He laughs about the irony of intending to only be in Australia a month to develop opportunities in the carbon trading sphere, when then Prime Minister Kevin Rudd abandoned the Carbon Pollution Reduction Scheme.

In London Hobley has advised the EU Commission on the preparation of its registries regulation for an EU-wide system of green house gas registries and is presently advising the EU Commission, investment banks, carbon funds, project developers and corporates in the carbon market on the regulation of greenhouse gas emissions from shipping.

He was instrumental in the design of the UKs pilot emissions trading scheme and in developing key aspects of the EU ETS.

Linkage progression
In a nutshell, this new linkage legislation means Australian businesses liable for the carbon price will be able to buy permits under the European Union emissions trading system to use for compliance under Australia’s system.

It will happen in two stages. From 1 July 2015, Australian emitters will be able to surrender EU allowancesto meet up to half of their compliance obligations under Australia’s Carbon Pricing Mechanism .

From 1 July, 2018 EU emitters will be able to surrender Australian carbon units to fulfil their EU ETS liabilities – or as Hobley  describes it, the schemes “will become fully fungible, creating a single market for allowances”.

Initially, Australian carbon units were subject to a $15 reserve for the first three years of the scheme and businesses surrendering international units in Australia were subject to a surcharge to ensure the cost was up to the reserve.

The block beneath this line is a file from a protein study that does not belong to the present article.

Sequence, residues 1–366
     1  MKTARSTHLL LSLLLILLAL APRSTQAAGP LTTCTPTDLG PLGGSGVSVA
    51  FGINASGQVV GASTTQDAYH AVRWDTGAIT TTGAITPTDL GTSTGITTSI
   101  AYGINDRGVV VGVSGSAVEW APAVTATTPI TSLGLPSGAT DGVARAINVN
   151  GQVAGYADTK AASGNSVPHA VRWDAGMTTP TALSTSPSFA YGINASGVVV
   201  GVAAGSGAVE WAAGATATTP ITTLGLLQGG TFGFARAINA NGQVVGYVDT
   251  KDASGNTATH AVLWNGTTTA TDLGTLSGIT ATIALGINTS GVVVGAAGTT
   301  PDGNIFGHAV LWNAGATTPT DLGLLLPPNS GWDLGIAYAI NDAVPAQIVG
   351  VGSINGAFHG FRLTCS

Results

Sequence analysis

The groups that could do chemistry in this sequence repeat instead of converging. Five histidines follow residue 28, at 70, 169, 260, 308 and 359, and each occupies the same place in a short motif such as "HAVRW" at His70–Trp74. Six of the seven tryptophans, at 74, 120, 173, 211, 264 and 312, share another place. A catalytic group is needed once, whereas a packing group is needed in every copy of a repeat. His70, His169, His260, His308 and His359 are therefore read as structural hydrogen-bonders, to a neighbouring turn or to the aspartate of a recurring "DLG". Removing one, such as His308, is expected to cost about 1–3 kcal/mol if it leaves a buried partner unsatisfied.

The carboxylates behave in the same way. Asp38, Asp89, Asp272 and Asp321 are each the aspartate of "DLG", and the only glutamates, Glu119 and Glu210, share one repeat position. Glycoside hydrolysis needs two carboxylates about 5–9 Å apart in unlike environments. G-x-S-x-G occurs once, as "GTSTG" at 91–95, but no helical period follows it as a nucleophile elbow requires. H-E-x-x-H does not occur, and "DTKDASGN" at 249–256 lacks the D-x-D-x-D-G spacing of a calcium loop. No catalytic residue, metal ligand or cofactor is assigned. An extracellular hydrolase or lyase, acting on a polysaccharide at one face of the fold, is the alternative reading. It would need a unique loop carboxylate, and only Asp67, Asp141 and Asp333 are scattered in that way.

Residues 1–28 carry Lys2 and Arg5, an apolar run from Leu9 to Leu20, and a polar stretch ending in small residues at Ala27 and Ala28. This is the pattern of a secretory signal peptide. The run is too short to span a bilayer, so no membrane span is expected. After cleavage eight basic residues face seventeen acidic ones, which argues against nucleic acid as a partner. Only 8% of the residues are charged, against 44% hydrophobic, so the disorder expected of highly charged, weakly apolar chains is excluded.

These provisions have now been repealed in the new legislation, allowing the price of Australian carbon units to move to reflect EU ETS unit prices, and ensuring Australian traders are not disadvantaged if electing to surrender international emissions units to meet their Australian carbon tax liability.

But the government still has the power to set a reserve price for each auction and to decide how the reserve price will be determined.

The links between Australia and the EU systems will create lower cost compliance opportunities,  Hobley says

“This means businesses will be able to start pricing carbon units into investments such as infrastructure and energy.”

Hobley says many Australian companies and businesses have still to tune into the detail of the legislation and the impact it will have on them – in part because they became tired of preparing for the changes, only to see them abandoned at the last minute.

But he says they will have to get to grips with it, noting that under the scheme mooted by the Rudd government, the CPRS, liability rested at corporate level, whereas under the new regime, it rests at the facility level, an area, he says emitters will have to understand.